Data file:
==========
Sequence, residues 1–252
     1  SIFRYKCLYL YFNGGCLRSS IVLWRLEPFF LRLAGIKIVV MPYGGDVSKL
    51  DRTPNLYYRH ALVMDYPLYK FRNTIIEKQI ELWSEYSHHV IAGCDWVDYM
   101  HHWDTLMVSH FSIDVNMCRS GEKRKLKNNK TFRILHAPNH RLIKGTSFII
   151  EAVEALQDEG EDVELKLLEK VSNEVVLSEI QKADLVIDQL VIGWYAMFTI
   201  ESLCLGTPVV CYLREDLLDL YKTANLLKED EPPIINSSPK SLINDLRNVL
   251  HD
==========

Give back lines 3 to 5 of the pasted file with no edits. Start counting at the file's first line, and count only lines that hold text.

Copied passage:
    51  DRTPNLYYRH ALVMDYPLYK FRNTIIEKQI ELWSEYSHHV IAGCDWVDYM
   101  HHWDTLMVSH FSIDVNMCRS GEKRKLKNNK TFRILHAPNH RLIKGTSFII
   151  EAVEALQDEG EDVELKLLEK VSNEVVLSEI QKADLVIDQL VIGWYAMFTI